2924. In Tetanus, The Application Of Cold Water Is As Old As Hippocrates

In modern times, the cold bath has been strongly advised by Drs. Cochrane, Wright, Currie, and others; but it signally failed during the Peninsular War, and is now rarely employed, as it has appeared in several instances rather to have hastened a fatal termination.

2925. The Shower-Bath in its operation and effects is very similar to the cold bath, but the immediate shock it communicates is much more violent, particularly if the quantity of water is great, the temperature low, and the fall considerable. Its indications and contra-indications are those of the cold bath (ante), and it is applicable to the same class of diseases. When the brain and nervous system are deranged, it often proves most serviceable. (See Cold Bath.)

2926. The Douche Bath consists of a small stream of water, directed with considerable force, by means of a tube, on some particular part of the body. It varies in its power, according to the diameter of the stream, the temperature of the water, and the force with which it is projected. It is a very powerful agent, and requires to be used with much circumspection.

2927. Therapeutic Uses

Infantile Convulsions are often mitigated, if not entirely removed, by a thin stream of cold water, directed at an elevation of two or three feet, on the vertex. It is often attended with immediate effect, and is preferable to the use of the hot bath, in plethoric children. It was the favourite remedy of the late Dr. Abercrombie.

* Brit. For. Med.-Chir. Rev., July 1, 1851.

2928. In Insanity, The Cold Douche Is Sometimes Highly Serviceable

M. Foville directs a stream of cold water, through a flexible tube, immediately on the head. It was found to quiet the most violent maniacs. (Prichard.*)

2929. In Syncope, the cold douche, suddenly applied to the spine, has often an instantaneous effect in restoring consciousness.

2930. In Spasmodic Stricture of the Urethra, the cold douche on the thighs and pubes, is spoken of by Dr. Currie as having been successful in relieving the spasm and allowing the flow of urine.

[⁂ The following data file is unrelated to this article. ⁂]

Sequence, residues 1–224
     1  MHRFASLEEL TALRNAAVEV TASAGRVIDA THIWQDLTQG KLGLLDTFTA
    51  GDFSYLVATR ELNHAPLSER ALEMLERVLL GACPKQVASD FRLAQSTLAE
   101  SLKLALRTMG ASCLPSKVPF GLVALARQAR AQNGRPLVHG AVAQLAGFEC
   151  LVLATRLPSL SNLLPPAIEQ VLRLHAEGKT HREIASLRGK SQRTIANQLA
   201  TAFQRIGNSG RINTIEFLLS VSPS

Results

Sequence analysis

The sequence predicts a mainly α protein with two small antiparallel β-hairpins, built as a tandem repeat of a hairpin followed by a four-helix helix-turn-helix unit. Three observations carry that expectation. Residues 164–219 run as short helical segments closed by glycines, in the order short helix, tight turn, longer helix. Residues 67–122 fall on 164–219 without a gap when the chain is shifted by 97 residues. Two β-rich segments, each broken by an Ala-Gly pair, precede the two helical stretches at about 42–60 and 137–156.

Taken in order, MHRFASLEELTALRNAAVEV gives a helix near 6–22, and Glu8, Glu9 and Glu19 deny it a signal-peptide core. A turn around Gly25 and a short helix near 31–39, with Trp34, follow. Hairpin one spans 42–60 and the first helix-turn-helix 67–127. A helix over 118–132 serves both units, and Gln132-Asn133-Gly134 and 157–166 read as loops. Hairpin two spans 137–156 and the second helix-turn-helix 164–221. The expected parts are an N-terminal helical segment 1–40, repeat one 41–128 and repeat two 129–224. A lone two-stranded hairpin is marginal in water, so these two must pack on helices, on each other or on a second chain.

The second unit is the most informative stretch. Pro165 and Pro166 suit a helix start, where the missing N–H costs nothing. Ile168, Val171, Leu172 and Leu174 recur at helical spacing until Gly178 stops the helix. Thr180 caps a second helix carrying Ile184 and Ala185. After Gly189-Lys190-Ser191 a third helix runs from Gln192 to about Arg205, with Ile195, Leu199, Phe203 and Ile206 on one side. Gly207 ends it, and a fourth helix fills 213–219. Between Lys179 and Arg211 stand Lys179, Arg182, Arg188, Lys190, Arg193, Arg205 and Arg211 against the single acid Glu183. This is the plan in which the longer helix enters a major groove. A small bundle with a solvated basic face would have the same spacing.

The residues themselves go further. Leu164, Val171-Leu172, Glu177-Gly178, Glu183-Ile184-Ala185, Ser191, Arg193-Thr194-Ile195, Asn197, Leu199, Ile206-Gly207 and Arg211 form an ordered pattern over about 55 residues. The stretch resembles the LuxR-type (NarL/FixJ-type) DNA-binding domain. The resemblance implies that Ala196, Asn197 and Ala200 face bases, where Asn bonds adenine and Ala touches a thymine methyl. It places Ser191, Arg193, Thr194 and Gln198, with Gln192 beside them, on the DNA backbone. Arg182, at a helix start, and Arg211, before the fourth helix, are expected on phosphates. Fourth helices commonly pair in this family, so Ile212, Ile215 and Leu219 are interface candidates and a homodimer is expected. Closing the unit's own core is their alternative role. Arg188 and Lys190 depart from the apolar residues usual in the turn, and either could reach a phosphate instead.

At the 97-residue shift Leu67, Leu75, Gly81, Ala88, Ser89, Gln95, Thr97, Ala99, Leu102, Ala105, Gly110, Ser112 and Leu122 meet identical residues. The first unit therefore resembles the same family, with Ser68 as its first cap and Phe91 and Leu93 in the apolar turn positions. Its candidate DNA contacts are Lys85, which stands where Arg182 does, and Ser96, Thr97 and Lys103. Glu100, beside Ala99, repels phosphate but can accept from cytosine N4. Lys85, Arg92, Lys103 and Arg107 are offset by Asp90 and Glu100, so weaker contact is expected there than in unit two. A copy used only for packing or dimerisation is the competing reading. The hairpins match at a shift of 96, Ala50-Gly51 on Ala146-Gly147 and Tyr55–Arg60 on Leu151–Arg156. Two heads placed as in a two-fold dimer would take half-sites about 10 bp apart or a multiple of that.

2931. In Incomplete Anchylosis, Dr

Fleury considers the cold douche to the parts as the most certain and speedy application for setting up a healthy action and effecting a cure. Forced movements, unless they cause great pain, should also be employed. In Stiffness of Joints after injuries, or resulting from Rheumatism, the use of the local cold douche has often an excellent effect.

2932. The Hot Bath (98° to 112° F.) and the Warm Bath (92° to 98° F.) are very valuable therapeutic agents in many affections, when judiciously employed.

The objects for which they are employed are, - 1. To establish a sedative action on the nervous system. 2. To equalize the temperature of the whole body. 3. To modify the action of the skin, both as an exhalant and an absorbent organ, and at the same time to modify the texture of the skin. 4. To modify the frequency and force of the heart's action. 5. To equalize the distribution of blood throughout the system; thus, when a disproportionate quantity exists in the internal organs, it recalls it to the surface. 6. To relax the muscular system and all the external tissues.

They should be used with caution or are contra-indicated, - 1, in very gross habits, in plethora of all kinds, and in great obesity; 2, in persons predisposed to apoplexy, or determination of blood to the head, hAemorrhage, particularly hAemoptysis, also in organic diseases of the heart and great vessels; 3, in great relaxation of the system, with a tendency to dropsy; 4, in all febrile diseases, whether accompanied with visceral inflammations or not, where there is a dry, hot skin, and an active circulation; 5, during the menstrual period, and the later stages of pregnancy. (Forbes.)